Linked by Thom Holwerda on Thu 28th Oct 2010 18:02 UTC, submitted by viator
Legal If you can't compete, litigate. This train of thought has been quite prevalent among major technology companies as of late, most notably by Apple and Microsoft, who both cannot compete with Android on merit, so they have to resort to patent lawsuits and FUD. Both Asustek and Acer have revealed that Microsoft plans to impose royalty fees upon the two Taiwanese hardware makers to prevent them from shipping Android and/or Chrome OS devices.
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RE[5]: Comment by rubberneck
by tomcat on Thu 28th Oct 2010 21:31 UTC in reply to "RE[4]: Comment by rubberneck"
tomcat
Member since:
2006-01-06

LOL@geek boy from the Netherlands lecturing others on the U.S. Constitution.

Reply Parent Score: -5

Thom_Holwerda Member since:
2005-06-29

Bite you tongue, son.

You might want to read up on the history of software patents in the US, and how the US Supreme Court was decidedly against them for much of the latter half of the 20th century. It wasn't until the '90s that patents on software became accepted, mostly due to a string of three rulings: the decisions In re Alappat in 1994 and In re Lowry in 1994 (which basically said that a new algorithm combined with a trivial hardware device was patentable), culminating in State Street Bank v. Signature Financial Group in 1998, which stated that a calculation which produced a "useful, concrete and tangible result" was patentable - hardware or no.

The final deathknell came from none other than Bill Clinton himself, who made the brilliant*cough* move of appointing a lobbyist from the software industry, Bruce Lehman, as commissioner of the USPTO in 1994. Before that, the USPTO refused to grant patents on software. After that - well, the guy was a lobbyist from the software industry. Do the math.

Please, don't act all arrogant because I'm not an American. I'm pretty well-versed in these matters, and me not being an American does not mean I don't understand how this stuff works.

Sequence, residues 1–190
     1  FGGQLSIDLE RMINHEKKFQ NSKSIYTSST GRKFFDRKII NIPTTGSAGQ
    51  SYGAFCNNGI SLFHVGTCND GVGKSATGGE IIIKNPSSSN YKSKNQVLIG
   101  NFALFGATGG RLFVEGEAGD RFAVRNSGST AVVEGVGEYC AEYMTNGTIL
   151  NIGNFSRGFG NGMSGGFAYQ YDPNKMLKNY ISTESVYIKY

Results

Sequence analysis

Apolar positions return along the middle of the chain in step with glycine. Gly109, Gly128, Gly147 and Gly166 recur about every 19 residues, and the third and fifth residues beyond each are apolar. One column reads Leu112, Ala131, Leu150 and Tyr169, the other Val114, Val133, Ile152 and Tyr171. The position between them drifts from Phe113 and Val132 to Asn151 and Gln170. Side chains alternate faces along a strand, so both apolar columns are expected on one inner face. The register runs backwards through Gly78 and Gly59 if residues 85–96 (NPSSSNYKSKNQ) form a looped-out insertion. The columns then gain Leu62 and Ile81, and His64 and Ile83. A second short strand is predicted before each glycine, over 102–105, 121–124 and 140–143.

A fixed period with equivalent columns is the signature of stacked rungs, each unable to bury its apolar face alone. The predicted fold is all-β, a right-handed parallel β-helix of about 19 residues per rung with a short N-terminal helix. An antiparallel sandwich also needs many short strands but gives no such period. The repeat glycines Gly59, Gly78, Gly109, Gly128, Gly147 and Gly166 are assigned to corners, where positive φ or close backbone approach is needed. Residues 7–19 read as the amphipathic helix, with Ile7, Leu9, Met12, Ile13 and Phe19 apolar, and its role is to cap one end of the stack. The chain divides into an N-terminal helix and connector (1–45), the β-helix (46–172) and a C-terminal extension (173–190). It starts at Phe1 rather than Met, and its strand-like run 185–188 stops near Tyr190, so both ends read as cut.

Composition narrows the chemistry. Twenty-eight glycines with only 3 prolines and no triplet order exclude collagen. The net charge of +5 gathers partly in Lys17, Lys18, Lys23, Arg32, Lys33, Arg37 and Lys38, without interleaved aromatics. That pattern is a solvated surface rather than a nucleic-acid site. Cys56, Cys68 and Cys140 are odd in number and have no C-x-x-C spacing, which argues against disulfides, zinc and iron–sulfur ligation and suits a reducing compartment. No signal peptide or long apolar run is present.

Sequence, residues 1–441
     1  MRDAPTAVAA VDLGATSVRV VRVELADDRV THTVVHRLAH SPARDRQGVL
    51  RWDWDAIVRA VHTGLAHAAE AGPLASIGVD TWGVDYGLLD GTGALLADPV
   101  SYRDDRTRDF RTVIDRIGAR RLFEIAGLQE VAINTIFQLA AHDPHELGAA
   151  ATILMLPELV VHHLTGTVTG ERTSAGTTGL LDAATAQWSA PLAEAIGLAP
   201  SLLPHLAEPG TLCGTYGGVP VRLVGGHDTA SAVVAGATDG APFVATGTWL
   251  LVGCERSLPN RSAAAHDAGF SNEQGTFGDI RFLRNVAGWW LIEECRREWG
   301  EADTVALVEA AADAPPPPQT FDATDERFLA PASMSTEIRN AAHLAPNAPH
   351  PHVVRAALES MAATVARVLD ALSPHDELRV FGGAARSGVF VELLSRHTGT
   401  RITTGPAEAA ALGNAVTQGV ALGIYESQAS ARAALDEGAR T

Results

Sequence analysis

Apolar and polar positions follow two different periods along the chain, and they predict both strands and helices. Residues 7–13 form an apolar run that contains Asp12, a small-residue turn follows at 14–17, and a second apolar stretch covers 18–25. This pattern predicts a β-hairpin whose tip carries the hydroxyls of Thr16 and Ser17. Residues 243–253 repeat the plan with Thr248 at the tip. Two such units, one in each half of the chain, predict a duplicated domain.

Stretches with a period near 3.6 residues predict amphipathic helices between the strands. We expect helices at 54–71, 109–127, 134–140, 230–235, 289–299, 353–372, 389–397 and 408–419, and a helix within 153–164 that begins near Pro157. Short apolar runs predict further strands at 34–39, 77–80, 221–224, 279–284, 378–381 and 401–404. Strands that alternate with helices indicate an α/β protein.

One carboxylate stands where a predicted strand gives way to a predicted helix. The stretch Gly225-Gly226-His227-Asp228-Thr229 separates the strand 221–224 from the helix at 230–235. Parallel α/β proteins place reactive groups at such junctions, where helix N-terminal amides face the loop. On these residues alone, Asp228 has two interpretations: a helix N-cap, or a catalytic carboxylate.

Edited 2010-10-28 21:50 UTC

Reply Parent Score: 16

RE[7]: Comment by rubberneck
by tomcat on Sat 30th Oct 2010 02:04 in reply to "RE[6]: Comment by rubberneck"
tomcat Member since:
2006-01-06

Bite you tongue, son. You might want to read up on the history of software patents in the US, and how the US Supreme Court was decidedly against them for much of the latter half of the 20th century.


It's foolhardy to take the opinion of the Supreme Court at any given point in history as a defacto interpretation of the U.S. Constitution. The USSC often gets things wrong. Many of our citizens weren't considered "full persons" because of their ethnicity or sex for the greater part of our heritage.

The Court didn't understand that software -- even if it isn't manifested as a physical device -- is still machinery. They saw software primarily as an abstract concept -- or a series of steps or a process -- which was fundamentally wrong. In its purest sense, software IS machinery.

And there's nothing peculiar about software that would warrant excluding it from patent protection. The fact that you might blunder into my invention with the use of an editor and a compiler is no different than if you built a similar machine in your garage.

So, get off my lawn.

It wasn't until the '90s that patents on software became accepted, mostly due to a string of three rulings...


But that wasn't the first time that software patents were validated. Try Diamond v. Diehr in 1981. From that point on, the writing was on the wall.

Please, don't act all arrogant because I'm not an American.


Uh, I'm arrogant ... because I'm arrogant. Not because you're from the Netherlands.

I'm pretty well-versed in these matters, and me not being an American does not mean I don't understand how this stuff works.


Being well-versed doesn't mean your opinion is correct. If anything, people who argue against software patent protection are more luddites holding pitchforks than anything else.

Reply Parent Score: 1